Trans-Americas Expedition 2017
Six members of the Armed Forces are attempting to become the first motorcyclists to ride the length of the Pan-American Highway, the world’s longest road, in one continuous journey.
On 13 March 2017 the British Army Trans Americas Expedition team will take on the Pan-American Highway when it leaves Tierra del Fuego at the southern tip of South America on a 20,000 mile journey to Prudhoe Bay on the northern coast of Alaska. The distance to be covered is over three quarters the circumference of the world and will involve travelling through 15 countries.
For the last year the team has applied its leadership and military skills to plan and prepare for the expedition. The six men, each on a motorbike and with no support team, aim to ride the length of the Americas in just three months. Each member has brought a certain skillset to the team from medical and mechanical expertise to core skills such as patrol planning, navigation, survival and administration.
“The journey has already been tough and we are yet to start,” said Major Nick Foulerton SCOTS DG, the expedition leader. “This fantastic opportunity presents a very diverse and extreme set of challenges throughout this extensive ride, where our leadership and skills will be tested in some truly harsh and demanding environments.”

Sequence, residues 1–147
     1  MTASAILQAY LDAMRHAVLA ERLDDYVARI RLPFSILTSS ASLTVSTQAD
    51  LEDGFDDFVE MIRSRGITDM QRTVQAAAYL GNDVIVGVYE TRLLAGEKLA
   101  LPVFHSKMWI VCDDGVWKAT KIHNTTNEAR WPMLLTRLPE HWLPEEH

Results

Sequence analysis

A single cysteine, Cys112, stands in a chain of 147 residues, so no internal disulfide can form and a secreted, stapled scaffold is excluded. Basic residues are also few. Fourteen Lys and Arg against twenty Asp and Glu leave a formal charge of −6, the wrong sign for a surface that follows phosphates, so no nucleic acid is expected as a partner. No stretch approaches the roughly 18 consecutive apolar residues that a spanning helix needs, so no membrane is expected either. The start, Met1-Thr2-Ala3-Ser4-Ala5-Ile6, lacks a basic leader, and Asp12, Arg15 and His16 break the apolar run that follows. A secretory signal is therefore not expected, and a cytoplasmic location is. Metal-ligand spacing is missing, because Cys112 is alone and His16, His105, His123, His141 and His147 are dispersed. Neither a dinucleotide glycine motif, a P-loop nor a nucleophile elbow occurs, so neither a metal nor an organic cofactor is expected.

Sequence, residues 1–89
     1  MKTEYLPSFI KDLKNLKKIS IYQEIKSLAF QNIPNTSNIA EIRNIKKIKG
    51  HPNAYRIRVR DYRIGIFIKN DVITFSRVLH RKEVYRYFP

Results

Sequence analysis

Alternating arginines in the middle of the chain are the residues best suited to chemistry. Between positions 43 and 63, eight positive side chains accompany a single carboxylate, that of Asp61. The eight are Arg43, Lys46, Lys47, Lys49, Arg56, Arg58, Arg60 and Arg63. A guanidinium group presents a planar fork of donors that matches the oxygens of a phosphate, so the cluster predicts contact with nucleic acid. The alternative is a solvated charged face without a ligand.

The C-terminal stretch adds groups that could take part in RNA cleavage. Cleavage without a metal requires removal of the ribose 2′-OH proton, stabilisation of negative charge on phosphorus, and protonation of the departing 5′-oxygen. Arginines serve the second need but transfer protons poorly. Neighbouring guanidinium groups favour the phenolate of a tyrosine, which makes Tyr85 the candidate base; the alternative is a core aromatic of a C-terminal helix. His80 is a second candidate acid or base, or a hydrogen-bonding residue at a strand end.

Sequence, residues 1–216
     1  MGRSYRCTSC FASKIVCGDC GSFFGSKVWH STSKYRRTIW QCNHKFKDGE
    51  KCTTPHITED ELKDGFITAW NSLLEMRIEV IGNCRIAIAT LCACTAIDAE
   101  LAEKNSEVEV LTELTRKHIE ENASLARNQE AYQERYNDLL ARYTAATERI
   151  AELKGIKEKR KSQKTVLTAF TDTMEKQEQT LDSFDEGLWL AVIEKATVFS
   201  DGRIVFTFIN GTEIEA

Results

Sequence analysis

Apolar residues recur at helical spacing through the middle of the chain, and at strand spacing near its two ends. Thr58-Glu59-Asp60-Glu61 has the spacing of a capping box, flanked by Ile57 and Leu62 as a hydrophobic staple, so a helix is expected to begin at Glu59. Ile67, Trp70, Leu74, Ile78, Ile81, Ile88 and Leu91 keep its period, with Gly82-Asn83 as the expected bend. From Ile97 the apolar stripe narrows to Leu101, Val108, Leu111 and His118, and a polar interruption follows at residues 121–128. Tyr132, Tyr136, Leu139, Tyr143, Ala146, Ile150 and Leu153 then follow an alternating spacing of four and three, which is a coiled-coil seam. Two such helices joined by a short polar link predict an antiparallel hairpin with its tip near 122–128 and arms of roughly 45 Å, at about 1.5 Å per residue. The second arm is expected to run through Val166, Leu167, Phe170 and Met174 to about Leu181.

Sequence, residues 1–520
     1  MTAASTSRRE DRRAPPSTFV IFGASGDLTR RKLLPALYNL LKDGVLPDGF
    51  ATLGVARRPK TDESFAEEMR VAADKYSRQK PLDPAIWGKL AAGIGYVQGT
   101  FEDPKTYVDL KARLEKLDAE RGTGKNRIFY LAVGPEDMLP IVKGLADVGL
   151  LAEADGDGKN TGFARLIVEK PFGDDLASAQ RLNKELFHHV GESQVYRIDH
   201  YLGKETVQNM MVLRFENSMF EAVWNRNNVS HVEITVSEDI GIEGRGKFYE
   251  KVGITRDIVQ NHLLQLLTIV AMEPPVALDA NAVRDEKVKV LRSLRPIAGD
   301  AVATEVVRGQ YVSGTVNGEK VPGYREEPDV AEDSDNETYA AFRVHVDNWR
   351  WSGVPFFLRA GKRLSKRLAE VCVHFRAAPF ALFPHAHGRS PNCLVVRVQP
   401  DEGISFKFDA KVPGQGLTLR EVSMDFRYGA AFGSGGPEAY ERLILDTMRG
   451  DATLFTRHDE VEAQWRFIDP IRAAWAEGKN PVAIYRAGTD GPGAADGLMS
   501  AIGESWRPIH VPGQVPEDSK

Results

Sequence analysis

Nick and his team, consisting of Major Adam Szczerbiuk RA, Surgeon Lieutenant Alex Bamford RN, Staff Sergeant Tony Cotty REME, Corporal Tom Makin RM, and Leading Medical Assistant Lee Macpherson RN, hope to demonstrate the rewards and benefits of being in the Armed Forces. They are also using this as a foundation event to showcase what can be achieved through motorised adventure and place the British Army’s Motorsports Association at the top of this discipline.